Collins says Kavanaugh told her Roe v. Wade is 'settled law'

PHOTO: Sen. Susan Collins, R-Maine, meets with Supreme Court nominee Judge Brett Kavanaugh at her office, before a private meeting on Capitol Hill in Washington, Aug. 21, 2018.PlayJose Luis Magana/AP
WATCH After meeting, Collins says Kavanaugh told her Roe v. Wade is 'settled law'

After meeting with Judge Brett Kavanaugh for two hours Tuesday, Sen. Susan Collins, a Maine Republican and a key swing vote on the Supreme Court nominee, said he told her he believes the Roe v. Wade Supreme Court decision in favor of abortion rights is "settled law."

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"We talked about whether he considered Roe to be settled law. He said that he agreed with what Justice Roberts said at his nomination hearing in which he said that it was settled law. We had a very good thorough discussion about that issue," Collins said.

During his 2005 Supreme Court hearing, John Roberts called the abortion decision "settled as a precedent of the court” but did not go so far as to pledge to committee members that the decision should never be overturned.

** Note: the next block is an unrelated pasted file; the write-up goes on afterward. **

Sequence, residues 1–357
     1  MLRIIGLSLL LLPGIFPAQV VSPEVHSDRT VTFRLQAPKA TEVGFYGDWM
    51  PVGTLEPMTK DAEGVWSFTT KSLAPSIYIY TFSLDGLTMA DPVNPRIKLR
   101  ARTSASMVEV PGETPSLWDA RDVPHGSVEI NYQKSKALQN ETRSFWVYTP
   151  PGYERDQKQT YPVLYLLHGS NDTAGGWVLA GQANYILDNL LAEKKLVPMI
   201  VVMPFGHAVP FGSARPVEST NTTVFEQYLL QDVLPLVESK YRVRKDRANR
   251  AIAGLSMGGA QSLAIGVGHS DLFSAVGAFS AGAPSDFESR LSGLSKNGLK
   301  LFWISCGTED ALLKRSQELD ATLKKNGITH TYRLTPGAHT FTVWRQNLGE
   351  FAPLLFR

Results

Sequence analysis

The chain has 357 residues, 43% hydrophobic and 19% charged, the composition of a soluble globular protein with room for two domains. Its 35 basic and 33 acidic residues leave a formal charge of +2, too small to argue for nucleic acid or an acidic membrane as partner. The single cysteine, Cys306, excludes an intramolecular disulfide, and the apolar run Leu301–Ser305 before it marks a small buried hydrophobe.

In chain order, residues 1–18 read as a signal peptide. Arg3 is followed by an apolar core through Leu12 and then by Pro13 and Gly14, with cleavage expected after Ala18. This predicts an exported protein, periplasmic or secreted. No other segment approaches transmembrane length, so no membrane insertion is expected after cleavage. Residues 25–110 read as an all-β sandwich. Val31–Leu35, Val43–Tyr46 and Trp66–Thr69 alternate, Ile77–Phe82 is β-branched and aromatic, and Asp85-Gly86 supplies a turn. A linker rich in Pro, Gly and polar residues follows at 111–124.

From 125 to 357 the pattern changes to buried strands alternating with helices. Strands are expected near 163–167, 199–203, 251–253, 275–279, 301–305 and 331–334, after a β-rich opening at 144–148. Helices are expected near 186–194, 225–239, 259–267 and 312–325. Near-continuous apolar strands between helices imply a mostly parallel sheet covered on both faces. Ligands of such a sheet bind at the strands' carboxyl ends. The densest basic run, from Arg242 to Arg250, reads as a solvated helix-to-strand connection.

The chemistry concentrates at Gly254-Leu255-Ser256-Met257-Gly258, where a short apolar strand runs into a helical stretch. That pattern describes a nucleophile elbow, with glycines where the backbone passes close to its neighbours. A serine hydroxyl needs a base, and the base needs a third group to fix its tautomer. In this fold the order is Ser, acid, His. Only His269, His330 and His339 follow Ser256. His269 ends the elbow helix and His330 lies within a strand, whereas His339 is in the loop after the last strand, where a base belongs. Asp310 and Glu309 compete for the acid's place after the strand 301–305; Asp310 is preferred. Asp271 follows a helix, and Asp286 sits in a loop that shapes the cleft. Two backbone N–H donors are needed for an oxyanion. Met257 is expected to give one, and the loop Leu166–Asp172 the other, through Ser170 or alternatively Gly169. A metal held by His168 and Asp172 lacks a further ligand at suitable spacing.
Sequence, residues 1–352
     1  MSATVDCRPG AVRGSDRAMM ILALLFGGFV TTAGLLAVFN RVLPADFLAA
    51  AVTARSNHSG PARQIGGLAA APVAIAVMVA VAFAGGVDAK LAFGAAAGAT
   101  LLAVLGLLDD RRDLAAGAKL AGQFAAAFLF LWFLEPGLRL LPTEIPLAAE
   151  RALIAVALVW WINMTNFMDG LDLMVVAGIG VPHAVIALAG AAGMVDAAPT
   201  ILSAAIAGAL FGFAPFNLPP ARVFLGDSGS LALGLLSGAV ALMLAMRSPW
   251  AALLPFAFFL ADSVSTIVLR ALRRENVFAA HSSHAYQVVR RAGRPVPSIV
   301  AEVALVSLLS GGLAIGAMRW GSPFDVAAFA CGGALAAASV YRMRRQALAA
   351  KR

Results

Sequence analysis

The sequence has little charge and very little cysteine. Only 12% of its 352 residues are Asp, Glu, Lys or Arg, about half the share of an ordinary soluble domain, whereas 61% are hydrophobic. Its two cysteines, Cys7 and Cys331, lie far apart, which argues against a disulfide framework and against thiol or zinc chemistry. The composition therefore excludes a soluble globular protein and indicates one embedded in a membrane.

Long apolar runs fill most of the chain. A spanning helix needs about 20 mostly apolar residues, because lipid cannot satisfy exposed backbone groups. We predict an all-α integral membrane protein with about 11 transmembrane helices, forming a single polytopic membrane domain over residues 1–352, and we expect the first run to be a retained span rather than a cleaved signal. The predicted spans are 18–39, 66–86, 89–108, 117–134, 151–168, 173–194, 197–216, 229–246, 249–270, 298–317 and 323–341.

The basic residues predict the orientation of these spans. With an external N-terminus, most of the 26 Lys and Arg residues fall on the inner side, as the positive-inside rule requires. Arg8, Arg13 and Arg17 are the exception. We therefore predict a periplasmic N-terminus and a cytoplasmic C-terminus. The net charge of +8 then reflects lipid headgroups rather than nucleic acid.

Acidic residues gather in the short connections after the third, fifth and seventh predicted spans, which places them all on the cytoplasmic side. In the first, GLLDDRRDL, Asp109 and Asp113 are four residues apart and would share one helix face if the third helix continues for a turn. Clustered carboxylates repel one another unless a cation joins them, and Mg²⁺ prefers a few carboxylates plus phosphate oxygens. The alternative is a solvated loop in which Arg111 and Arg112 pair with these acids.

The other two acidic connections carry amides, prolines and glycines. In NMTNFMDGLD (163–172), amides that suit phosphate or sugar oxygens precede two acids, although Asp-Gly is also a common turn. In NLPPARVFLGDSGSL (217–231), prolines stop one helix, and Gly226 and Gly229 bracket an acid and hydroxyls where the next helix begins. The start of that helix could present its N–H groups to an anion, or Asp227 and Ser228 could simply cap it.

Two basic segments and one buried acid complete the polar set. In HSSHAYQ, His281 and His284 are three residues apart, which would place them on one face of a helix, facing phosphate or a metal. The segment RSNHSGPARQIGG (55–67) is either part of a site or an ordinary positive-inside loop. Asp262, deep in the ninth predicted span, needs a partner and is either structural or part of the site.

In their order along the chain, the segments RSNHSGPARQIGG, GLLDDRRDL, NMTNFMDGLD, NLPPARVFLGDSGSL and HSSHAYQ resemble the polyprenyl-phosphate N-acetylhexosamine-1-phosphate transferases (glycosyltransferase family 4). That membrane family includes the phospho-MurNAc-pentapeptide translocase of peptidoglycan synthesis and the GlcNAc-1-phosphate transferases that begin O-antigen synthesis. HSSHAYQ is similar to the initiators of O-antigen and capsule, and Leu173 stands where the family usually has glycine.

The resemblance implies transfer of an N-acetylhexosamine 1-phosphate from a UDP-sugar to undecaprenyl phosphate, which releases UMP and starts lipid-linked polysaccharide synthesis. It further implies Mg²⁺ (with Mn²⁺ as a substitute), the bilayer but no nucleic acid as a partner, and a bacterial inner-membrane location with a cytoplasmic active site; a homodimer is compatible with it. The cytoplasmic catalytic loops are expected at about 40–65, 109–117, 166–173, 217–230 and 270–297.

PHOTO: Supreme Court nominee Brett Kavanaugh meets with U.S. Senator Susan Collins on capitol hill in Washington, Aug. 21, 2018.Alex Wroblewski/Reuters
Supreme Court nominee Brett Kavanaugh meets with U.S. Senator Susan Collins on capitol hill in Washington, Aug. 21, 2018.

Collins, who supports abortion rights, said earlier this summer that she would not vote for any nominee who demonstrated “hostility” to Roe but that, at that point, she had not seen such hostility from Kavanaugh.

She said she also discussed with Kavanaugh his decision in the Garza v. Hargan case, which she noted was the only case dealing with abortion in which he cast a vote.

During that case, Kavanaugh twice went on the record as opposing other courts’ rulings that allowed a pregnant immigrant teen in federal custody to have an abortion, first as part of a lower court who overturned the original ruling, and then as part of a dissent when the D.C. circuit court overturned his decision.

Collins said she would not announce her decision on whether or not to vote for Kavanaugh until after the Senate Judiciary Committee holds confirmation hearings beginning just after Labor Day. With 50 Senate Republicans likely to vote, Kavanaugh needs as many Republicans as he can to vote yes in order to offset what is expected to be widespread opposition from most Democrats.

Kavanaugh was also meeting with at least five other senators – all Democrats – Tuesday.

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